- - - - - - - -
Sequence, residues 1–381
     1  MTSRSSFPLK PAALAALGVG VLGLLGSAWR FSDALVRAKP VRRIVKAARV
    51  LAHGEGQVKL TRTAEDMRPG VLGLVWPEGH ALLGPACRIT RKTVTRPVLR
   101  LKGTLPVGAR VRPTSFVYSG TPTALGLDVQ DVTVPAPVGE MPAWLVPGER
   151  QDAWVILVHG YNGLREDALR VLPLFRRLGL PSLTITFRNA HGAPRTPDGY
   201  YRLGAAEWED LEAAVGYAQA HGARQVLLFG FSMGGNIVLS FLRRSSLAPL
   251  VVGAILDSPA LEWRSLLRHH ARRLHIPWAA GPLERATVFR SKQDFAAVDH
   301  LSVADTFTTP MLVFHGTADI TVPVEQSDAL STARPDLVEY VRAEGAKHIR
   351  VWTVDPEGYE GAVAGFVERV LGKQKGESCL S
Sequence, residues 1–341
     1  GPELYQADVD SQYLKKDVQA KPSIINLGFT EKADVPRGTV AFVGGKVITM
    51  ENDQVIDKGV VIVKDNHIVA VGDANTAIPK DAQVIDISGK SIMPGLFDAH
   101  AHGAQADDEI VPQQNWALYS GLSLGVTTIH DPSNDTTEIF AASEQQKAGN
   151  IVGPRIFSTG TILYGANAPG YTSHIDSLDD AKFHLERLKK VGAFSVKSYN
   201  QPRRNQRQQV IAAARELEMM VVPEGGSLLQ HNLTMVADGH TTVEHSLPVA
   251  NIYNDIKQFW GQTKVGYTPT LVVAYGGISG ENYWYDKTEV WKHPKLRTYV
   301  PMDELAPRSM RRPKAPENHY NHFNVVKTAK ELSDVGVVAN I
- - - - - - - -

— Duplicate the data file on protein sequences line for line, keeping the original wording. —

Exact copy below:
Sequence, residues 1–381
     1  MTSRSSFPLK PAALAALGVG VLGLLGSAWR FSDALVRAKP VRRIVKAARV
    51  LAHGEGQVKL TRTAEDMRPG VLGLVWPEGH ALLGPACRIT RKTVTRPVLR
   101  LKGTLPVGAR VRPTSFVYSG TPTALGLDVQ DVTVPAPVGE MPAWLVPGER
   151  QDAWVILVHG YNGLREDALR VLPLFRRLGL PSLTITFRNA HGAPRTPDGY
   201  YRLGAAEWED LEAAVGYAQA HGARQVLLFG FSMGGNIVLS FLRRSSLAPL
   251  VVGAILDSPA LEWRSLLRHH ARRLHIPWAA GPLERATVFR SKQDFAAVDH
   301  LSVADTFTTP MLVFHGTADI TVPVEQSDAL STARPDLVEY VRAEGAKHIR
   351  VWTVDPEGYE GAVAGFVERV LGKQKGESCL S
Sequence, residues 1–341
     1  GPELYQADVD SQYLKKDVQA KPSIINLGFT EKADVPRGTV AFVGGKVITM
    51  ENDQVIDKGV VIVKDNHIVA VGDANTAIPK DAQVIDISGK SIMPGLFDAH
   101  AHGAQADDEI VPQQNWALYS GLSLGVTTIH DPSNDTTEIF AASEQQKAGN
   151  IVGPRIFSTG TILYGANAPG YTSHIDSLDD AKFHLERLKK VGAFSVKSYN
   201  QPRRNQRQQV IAAARELEMM VVPEGGSLLQ HNLTMVADGH TTVEHSLPVA
   251  NIYNDIKQFW GQTKVGYTPT LVVAYGGISG ENYWYDKTEV WKHPKLRTYV
   301  PMDELAPRSM RRPKAPENHY NHFNVVKTAK ELSDVGVVAN I